Hillary Clinton Doesn't Need 'Broad City' To Solve Her "Cool" Problem
In her latest quest to be not like a regular mom, but a cool mom, Hillary Clinton appeared on Wednesday's episode of Broad City. In the episode, Ilana and Abbi visit Clinton’s Brooklyn campaign headquarters and are overcome when they meet the woman herself, screaming and clutching each other. When Ilana tells Clinton she plans to tweet “Vote for Hillary, yas, yas, yas” at least once a week, Clinton replies graciously, “That would be great. We need to drum up some excitement for the campaign.” Have truer words been spoken about Clinton's campaign?
Though Jacobson said at SXSW this week that Clinton’s appearance was “not a political statement,” it’s clear her cameo belongs to a long string of shaky tries by Clinton to appeal to younger voters via pop culture — or, to put it plainly, be cool. But scoring a role on Broad City, a solidly millennial and feminist show, reveals keen insight into her voters' demographic that was missing in past attempts.
Clinton has struggled to endear herself to young Americans since the start of her campaign. She's been cast as stiff and calculating, as if her every move were scripted. Her representation of the establishment — the name Clinton is nearly synonymous with the Democratic party — when nearly half of millennials identify as Independents doesn't help — and it shows in surveys. A USA Today/RockThe Vote poll shows young women supporting Bernie Sanders over Clinton in a 2:1 ratio.
And oh, Clinton's tried every possible way to be cool, hip, and with-it, such as dancing the Whip and Nae Nae with Ellen DeGeneres while wearing a face of vague panic:
Then, there are her campaign's incredibly in-touch tweets, like this one:
Clinton's Sisyphean attempts to appeal to America's youth are highlighted by the fact that her rival Sanders seems to be coasting along effortlessly as the cool grandpa. He's older than she is, his hair sucks, and he wears a perpetual frown as opposed to Clinton's grin. And yet, he draws in the majority of millennial voters, in part because of one thing she appears to lack: authenticity.
When Clinton's campaign wrote up the faux-Buzzfeed listicle "8 Ways Hillary Is Just Like Your Abuela," it was criticized for pandering to Hispanics. Clinton's attempts to be cool seem to treat millennials as wildlife critters that will come to her doorstep as long as she puts out a certain food or imitates a certain call. But there are no tricks to charming millennials — and I say that as one of them.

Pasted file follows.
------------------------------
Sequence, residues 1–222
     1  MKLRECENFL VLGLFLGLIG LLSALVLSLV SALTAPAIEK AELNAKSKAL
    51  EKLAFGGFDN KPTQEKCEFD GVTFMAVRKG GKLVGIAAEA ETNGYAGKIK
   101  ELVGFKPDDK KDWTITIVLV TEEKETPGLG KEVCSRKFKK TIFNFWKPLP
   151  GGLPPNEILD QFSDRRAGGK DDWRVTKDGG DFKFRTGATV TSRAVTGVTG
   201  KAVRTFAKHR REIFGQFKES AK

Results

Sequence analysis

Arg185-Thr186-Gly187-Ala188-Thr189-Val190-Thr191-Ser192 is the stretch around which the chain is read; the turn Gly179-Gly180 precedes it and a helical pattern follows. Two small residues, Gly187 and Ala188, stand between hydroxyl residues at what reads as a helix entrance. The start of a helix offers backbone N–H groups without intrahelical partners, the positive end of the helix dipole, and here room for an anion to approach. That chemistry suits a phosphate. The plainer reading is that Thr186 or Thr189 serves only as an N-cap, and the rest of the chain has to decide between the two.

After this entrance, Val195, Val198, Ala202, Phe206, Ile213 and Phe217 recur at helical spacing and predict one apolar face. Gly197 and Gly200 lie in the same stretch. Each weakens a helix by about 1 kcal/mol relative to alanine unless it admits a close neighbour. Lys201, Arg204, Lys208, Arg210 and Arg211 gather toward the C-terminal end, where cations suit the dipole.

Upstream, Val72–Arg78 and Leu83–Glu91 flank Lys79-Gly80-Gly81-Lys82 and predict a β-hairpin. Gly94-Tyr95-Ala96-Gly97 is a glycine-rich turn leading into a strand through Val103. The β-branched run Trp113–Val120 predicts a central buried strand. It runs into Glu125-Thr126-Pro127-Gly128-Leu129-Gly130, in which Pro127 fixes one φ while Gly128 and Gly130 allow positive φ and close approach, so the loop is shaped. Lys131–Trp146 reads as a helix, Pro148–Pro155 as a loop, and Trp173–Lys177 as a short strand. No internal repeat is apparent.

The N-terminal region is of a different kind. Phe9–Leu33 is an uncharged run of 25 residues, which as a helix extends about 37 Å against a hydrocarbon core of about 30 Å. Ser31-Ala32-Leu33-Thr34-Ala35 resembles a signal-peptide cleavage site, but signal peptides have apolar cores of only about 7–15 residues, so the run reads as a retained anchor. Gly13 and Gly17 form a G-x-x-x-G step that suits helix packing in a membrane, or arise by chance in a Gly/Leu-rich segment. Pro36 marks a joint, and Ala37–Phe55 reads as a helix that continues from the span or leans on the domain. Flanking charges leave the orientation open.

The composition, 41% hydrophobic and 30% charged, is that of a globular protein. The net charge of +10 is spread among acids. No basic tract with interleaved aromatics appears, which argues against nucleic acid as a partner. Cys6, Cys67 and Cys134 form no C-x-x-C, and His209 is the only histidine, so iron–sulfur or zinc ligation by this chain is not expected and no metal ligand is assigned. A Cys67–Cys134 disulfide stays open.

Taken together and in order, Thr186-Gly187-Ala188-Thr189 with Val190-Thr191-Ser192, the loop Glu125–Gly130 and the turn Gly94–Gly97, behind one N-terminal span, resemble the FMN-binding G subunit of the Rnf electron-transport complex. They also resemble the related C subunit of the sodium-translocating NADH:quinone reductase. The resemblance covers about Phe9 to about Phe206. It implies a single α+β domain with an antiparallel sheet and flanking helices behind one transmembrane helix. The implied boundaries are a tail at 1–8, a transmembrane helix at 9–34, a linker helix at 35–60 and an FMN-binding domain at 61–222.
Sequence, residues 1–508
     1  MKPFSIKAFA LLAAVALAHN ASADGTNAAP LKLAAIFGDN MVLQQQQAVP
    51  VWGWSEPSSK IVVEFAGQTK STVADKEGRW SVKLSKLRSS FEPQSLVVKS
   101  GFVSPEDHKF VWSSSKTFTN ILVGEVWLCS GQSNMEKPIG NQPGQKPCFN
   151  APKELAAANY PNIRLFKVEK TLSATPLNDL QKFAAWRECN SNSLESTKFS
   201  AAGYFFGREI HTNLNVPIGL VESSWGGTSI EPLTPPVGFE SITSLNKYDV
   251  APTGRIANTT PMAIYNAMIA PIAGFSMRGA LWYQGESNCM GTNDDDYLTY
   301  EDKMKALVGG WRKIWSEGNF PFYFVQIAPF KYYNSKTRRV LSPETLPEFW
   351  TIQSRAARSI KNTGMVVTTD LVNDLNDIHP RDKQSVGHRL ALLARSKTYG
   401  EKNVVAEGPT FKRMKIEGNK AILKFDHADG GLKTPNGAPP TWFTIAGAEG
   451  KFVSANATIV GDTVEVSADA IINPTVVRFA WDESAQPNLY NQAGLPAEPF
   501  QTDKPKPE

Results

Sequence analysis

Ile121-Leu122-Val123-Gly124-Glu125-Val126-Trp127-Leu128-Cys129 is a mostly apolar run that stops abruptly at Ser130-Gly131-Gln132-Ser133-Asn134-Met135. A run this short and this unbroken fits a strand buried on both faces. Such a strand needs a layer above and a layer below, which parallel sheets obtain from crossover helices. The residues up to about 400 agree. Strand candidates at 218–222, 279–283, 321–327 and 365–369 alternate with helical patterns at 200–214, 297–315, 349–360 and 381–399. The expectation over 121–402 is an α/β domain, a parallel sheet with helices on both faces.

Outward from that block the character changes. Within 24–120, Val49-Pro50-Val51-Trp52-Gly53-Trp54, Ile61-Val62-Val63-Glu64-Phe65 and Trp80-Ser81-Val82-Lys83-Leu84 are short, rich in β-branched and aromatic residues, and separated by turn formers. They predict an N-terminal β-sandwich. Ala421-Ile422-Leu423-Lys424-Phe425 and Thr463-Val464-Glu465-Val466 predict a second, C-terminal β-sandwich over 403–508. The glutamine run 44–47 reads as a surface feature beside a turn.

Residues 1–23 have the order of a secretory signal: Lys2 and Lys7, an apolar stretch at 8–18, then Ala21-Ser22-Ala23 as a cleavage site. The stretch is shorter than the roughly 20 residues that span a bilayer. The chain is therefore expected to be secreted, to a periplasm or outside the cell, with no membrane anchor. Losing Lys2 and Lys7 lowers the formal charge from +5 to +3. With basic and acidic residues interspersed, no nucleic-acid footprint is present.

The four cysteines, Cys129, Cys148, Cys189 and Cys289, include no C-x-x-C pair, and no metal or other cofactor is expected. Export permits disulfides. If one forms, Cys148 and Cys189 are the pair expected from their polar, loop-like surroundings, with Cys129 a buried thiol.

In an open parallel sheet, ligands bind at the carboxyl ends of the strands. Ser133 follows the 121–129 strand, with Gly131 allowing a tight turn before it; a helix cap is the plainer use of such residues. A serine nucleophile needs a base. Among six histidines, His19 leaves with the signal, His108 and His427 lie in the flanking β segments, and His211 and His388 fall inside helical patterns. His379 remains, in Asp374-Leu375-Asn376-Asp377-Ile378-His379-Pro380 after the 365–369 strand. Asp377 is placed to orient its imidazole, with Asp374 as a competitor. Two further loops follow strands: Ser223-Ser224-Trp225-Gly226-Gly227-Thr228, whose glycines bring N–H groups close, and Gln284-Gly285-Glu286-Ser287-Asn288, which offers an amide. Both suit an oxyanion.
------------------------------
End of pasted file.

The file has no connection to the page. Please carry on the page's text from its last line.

While many argue that sexism plays a role in the disparity in Sanders' and Clinton's reputations as cool and not cool, respectively, it should be noted that Michelle Obama was accepted by young people from the start of her tenure as First Lady. Obama nailed her SXSW keynote on Wednesday and released a female empowerment anthem "This Is For My Girls" featuring Missy Elliott and Kelly Clarkson the same day. And let's not forget her "Turnip for what?" Vine, which has been played over 49 million times.
So what's her secret? In an interview with The Verge, Kyle Lierman, the White House's associate director of public engagement, said the key to Obama's appeal is that she is "uniquely able to be authentic." Authenticity strikes again. Obama herself told The Verge that younger Americans like her because she's "got two Gen Zers living under my roof. They don’t think we’re cool at all. But I know what they’re watching on Vine, and I know what they’re giggling about."
The times when Clinton has earned cool points, she wasn't trying, and no contrived schemes were involved. Her expressions during her Benghazi hearing in October, for example, were so genuine and kind of hilarious. They fast became a viral meme, perhaps the ultimate proof that you've done something millennials think is cool.
Just like that, Clinton won over millennials — something she's since been desperately trying to do — without any strategy or deliberate plan. This moment was organic. When she appeared to not care what others thought of her, she actually appeared cool.
To her credit, Clinton did well on her Broad City appearance last night, though more by making some clever quips about real issues, like achieving gender equality. In one scene, Clinton blows up one of those inflatable tube dancers and says to Ilana and Abbi, "Isn't she great?"
Ilana face-palms and replies, "Of course, we assumed it was a he."
If Clinton wants to snag those young female voters from Sanders, then luring them with emojis and awkward dancing isn't the solution. She'll find her authenticity angle if she talks about issues that are not only real to millennials, but also real to her.